Date Published: September 25, 2007
Publisher: Public Library of Science
Author(s): George T. H Ellison, Andrew Smart, Richard Tutton, Simon M Outram, Richard Ashcroft, Paul Martin
Abstract: Race and ethnicity are imprecise markers of the genotypic and sociocultural determinants of health, argue the authors.
Partial Text: In this issue of PLoS Medicine, Lundy Braun and colleagues from the Race, Medicine, and Science Workshop discuss “the trouble with race” . They argue that the heterogeneity of racial and ethnic categories (and a lack of consensus on how these categories should be defined and measured) make them poor markers for underlying differences in the genotypic, cultural, and structural characteristics responsible for inequalities in health (where “structural characteristics” include a diverse range of historical and contemporary socio-political factors responsible for differential access to health resources and differential exposure to health risks). Such racial and ethnic categories, they argue, are also poor markers for the differential efficacy of diagnostic and therapeutic interventions.
In particular, we have found that there is a lack of consensus about what race and ethnicity mean  and how these should be operationalised . As a result, researchers and practitioners may conflate the utility of racial and ethnic categories for sampling diverse study populations with their ability to identify and address aetiological variation therein . At the same time, there is widespread concern about the socio-political sensitivity of such categories and a desire to avoid stigmatising populations and groups found to be at greater risk of disease . This concern has led many of the researchers we interviewed to adopt the more socially acceptable term “ethnicity” in preference to “race” . It has also led some researchers to use crude socio-political classifications (such as the categories developed by the United States Office of Management and Budget [OMB] and by the United Kingdom Office for National Statistics [ONS]) not only for sampling diverse study populations and describing population differences in health and health care, but also for attributing these differences to innate genotypic and/or socio-cultural causes .
The use of crude socio-political categories of race and ethnicity to describe variation in health risks and health needs, and to attribute these differences to innate genotypic and socio-cultural factors, has a long and discredited history, as Braun and colleagues describe . However, more recently this practice seems to have been resurrected and validated, however unwittingly, by the adoption of such categories to promote equitable participation of “minorities” in research and to ensure that researchers are able to identify and describe any differences between racial and ethnic groups that warrant further investigation and intervention .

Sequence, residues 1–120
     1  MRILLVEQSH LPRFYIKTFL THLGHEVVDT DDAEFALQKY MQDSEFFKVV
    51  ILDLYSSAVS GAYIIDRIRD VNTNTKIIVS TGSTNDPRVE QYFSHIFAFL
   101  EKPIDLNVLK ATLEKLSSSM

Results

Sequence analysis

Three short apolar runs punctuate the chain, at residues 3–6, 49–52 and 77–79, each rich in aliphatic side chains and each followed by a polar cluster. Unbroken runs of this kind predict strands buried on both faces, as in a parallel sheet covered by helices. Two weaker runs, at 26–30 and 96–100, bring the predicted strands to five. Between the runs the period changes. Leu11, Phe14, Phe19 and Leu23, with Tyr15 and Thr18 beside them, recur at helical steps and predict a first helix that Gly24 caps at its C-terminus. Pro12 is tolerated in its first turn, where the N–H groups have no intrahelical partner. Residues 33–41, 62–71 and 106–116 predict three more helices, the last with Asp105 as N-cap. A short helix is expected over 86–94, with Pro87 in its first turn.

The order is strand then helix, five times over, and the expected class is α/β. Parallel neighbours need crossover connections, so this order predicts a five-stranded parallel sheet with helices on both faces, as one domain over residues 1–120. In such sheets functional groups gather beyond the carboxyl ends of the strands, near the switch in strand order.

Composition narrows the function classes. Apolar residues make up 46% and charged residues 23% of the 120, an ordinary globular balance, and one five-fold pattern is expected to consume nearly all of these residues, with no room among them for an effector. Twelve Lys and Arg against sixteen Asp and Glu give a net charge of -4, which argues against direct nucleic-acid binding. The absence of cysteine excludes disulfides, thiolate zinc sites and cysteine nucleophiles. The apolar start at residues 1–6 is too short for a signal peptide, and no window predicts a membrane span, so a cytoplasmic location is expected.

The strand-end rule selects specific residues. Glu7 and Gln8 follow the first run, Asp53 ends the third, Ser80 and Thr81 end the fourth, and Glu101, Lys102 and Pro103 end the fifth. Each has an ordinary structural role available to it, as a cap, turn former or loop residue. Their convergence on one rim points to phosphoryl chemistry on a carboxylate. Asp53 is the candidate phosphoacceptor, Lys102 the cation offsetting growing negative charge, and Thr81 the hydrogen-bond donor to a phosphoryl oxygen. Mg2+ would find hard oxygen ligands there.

The attributive use of crude socio-political categories of race and ethnicity in biomedical research and practice is not, however, an inevitable consequence of policies to promote equitable inclusion in research or to describe disparities in health and health care that warrant further investigation and intervention. Researchers are not required to limit the variables they use to explore disparities in health, and clinicians are not obliged to use crude racial and ethnic categories to select the care they provide. But researchers and clinicians do need to be encouraged to use more specific attributive markers of genotype, culture, and structural disadvantage wherever appropriate.
So while we would support Braun and colleagues’ call for international consensus to improve the use of racial and ethnic categories in biomedical research and practice , such categories cannot and should not be standardised for use in all scientific, social, and clinical contexts, even if only for use as descriptive variables. Instead, we need to recognise that different racial and ethnic categories are needed to describe inequalities in health and health care in contexts where these have different salience and meaning. At the same time, alternative attributive markers of genotypic, cultural, and structural determinants of variation in health and access to health care need to be developed in order to: (1) improve the aetiological precision of biomedical research; and (2) facilitate the translation of research on the causes of variation in health across racial and ethnic groups into appropriate care for individual patients. This more precise approach would help to address a long-standing problem with evidence-based practice, which often struggles to apply the results of epidemiological research on populations to the clinical care of individuals .
An alternative approach would be to target the gatekeepers of research dissemination, particularly the editors of biomedical journals, who have displayed increasing willingness to improve the use of racial and ethnic categories in published research . Certainly, our research has identified many journals that have generated a range of dedicated guidelines for authors [4,17], even if many biomedical journals simply encourage authors to “justify” the categories they use. These include, for example, the 648 journals signed up to the International Committee of Medical Journal Editors’ Uniform Requirements for Manuscripts Submitted to Biomedical Journals: Writing and Editing for Biomedical Publication, which recommend that “When authors use variables such as race or ethnicity, they should define how they measured the variables and justify their relevance” .